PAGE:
Author + information
- Abdallah G. Kfoury, MD∗ ()
- ↵∗Address for correspondence:
Dr. Abdallah G. Kfoury, Intermountain Medical Center, 5121 South Cottonwood Street, LL1, Salt Lake City, Utah 84107.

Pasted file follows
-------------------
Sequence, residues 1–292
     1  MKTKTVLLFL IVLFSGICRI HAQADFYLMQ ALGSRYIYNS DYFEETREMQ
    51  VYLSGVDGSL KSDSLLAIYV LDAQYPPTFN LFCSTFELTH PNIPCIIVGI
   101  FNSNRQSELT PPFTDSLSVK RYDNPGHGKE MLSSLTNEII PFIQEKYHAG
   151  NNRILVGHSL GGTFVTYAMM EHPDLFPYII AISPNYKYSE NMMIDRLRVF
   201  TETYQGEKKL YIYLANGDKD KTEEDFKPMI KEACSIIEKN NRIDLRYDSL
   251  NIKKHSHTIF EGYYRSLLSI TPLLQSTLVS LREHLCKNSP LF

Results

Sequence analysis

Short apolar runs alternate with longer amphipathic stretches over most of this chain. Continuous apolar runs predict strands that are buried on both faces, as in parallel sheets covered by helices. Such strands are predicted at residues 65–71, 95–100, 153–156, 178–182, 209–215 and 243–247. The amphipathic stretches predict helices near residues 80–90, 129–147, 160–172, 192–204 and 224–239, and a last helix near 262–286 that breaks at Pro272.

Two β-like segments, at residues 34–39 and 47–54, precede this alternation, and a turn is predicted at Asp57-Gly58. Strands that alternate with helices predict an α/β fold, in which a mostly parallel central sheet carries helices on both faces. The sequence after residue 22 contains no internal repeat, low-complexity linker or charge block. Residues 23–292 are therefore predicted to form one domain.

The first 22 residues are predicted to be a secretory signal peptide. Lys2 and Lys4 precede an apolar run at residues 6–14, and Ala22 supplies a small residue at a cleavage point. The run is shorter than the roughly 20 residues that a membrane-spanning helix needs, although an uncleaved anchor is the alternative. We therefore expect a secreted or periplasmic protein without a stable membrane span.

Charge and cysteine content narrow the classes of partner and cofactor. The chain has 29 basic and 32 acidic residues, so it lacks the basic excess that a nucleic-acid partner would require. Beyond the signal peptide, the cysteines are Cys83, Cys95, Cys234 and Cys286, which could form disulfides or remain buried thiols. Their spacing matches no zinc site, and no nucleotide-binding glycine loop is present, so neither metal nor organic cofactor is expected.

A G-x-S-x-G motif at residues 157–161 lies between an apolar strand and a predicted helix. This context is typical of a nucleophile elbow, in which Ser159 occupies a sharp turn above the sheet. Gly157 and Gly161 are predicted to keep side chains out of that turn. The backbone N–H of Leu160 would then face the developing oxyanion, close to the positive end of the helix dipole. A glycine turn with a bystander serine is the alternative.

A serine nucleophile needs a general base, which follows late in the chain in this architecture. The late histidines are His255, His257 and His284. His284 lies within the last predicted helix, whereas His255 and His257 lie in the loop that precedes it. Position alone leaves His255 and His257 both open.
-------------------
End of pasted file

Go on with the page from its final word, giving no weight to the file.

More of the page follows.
Nearly 3 decades ago during my cardiology training in Salt Lake City, our young family would take regular weekend trips to national parks in Utah and neighboring states. These outings typically confined us to a small car for 4 to 6 h. No later than 30 to 45 min of being on the road, the predictable barrage of “how much longer?” and “are we there yet?” would come from our 2 little daughters in the back seat, who were somewhat indifferent to the breathtaking scenery outside. An assertive “we’re almost there” from the front seat would reinstate tranquility at least for the next little while. Almost, used at the time in its broadest possible sense was nebulous enough to allow for guilt-free parenting to carry on, and there was a clear-cut tangible destination.